Slow and steady wins the baggage search

June 17, 2013, Duke University
Within this set of 32 figures, there is just one that forms a T shape. Professional searchers took longer to search patterns like this, but with higher accuracy than civilians. Credit: Adam Biggs, Duke University

Next time you're doing a slow burn in security screening at the airport, calm yourself with the assurance that a more deliberate baggage scanner may do a better job.

In a of visual searching ability, scientists found trained (TSA) screening officers were a lot slower than undergraduate students and other civilians. But the amateurs were sloppier.

The test is part of ongoing research by Duke University psychologist Stephen Mitroff to understand how the brain manages visual searching, which is important not only to security but also to . Adam Biggs, a postdoctoral associate in Duke's Center for , ran this series of tests on 206 TSA professionals based at Raleigh-Durham Airport (RDU) and 93 Duke undergraduates.

Participants performed an artificial search test on a computer screen n which they had to identify one particular T-shaped arrangement of two rectangles in a field of eight to 32 similar shapes. Half of the screens they looked at didn't include the correct shape.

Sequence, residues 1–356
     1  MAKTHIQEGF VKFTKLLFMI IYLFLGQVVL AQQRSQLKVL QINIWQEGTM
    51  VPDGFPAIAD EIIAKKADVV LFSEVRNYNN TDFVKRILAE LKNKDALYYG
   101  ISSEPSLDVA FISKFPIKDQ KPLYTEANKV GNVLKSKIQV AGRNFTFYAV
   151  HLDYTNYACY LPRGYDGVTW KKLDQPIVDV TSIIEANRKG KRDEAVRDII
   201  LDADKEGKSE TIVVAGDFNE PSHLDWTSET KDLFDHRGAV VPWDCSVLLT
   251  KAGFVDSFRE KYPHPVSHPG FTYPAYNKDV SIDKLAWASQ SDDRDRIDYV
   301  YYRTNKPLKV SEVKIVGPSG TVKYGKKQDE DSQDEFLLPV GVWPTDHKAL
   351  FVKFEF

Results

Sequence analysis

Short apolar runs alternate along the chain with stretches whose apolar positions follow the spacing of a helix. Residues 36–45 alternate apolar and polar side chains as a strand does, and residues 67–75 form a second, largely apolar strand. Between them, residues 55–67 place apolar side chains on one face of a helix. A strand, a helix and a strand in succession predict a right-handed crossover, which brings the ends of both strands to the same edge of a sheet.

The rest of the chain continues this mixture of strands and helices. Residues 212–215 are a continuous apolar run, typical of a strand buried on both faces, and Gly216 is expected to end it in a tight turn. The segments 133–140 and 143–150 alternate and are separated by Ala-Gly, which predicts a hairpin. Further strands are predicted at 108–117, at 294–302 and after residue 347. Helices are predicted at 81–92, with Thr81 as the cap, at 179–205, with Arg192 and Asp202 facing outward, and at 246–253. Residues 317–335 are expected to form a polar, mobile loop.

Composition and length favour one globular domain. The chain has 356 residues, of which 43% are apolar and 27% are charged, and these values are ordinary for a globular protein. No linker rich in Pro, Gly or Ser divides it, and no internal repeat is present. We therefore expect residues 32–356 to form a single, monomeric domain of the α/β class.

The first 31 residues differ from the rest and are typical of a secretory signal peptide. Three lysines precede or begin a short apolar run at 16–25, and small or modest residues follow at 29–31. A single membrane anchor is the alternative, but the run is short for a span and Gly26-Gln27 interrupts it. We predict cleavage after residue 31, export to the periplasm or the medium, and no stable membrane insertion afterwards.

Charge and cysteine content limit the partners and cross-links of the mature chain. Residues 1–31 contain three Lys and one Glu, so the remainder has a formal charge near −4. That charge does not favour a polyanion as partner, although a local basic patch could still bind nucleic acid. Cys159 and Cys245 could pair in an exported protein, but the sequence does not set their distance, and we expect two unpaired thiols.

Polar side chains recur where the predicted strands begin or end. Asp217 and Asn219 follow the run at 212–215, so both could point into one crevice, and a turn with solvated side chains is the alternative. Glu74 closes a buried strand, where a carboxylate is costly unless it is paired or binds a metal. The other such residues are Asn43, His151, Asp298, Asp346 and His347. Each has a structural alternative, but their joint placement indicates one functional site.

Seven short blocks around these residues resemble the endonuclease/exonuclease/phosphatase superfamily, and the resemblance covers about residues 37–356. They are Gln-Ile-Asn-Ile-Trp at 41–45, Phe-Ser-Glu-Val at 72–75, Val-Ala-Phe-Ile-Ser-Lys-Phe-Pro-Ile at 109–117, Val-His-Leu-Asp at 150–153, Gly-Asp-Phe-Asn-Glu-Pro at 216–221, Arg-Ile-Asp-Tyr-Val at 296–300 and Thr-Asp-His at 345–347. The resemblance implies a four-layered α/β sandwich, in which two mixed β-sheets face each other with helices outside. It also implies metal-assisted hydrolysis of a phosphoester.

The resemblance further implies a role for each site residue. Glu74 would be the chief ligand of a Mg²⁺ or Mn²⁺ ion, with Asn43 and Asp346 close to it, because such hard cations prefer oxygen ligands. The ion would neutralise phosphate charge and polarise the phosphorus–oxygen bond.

Though not as complex or difficult as looking at real bags, the artificial test put the students and professional searchers on equal footing. "If we just showed undergrads real baggage images, they wouldn't know what to look for," Biggs said.

The researchers measured searchers' speed and accuracy over 256 tests per participant. They also split the TSA screeners in to two groups to distinguish those with less than 3 years experience and those with more than 6 years experience, but they didn't find any significant differences between them in basic screening abilities. Both TSA groups, who have been trained on how to search, outperformed the undergrads.

The students were 82 percent accurate at finding the target shapes, but on average only took 3.86 seconds per scan. The TSA searchers took longer—more than 6 seconds on average—but had accuracy rates of 87 and 88 percent.

The students also showed more variability in response time as the set of objects got larger; the professionals were more consistent.

Biggs said the professional screeners who took the test may be slower on the artificial task because their training makes them take more into consideration. Eye-tracking wasn't used in these experiments, but measures of their speed and consistency indicate it's likely the trained searchers were more systematic and methodical.

Earlier research by Mitroff's group and others has shown that memory plays an important role in searching. A slower, more consistent pattern of searching frees up some of the brain's processing, because the searcher doesn't have to remember what has already been examined. To experience the cognitive slowdown, Biggs suggests trying to recite the alphabet out of order. You slow down trying to remember which letters you've already used.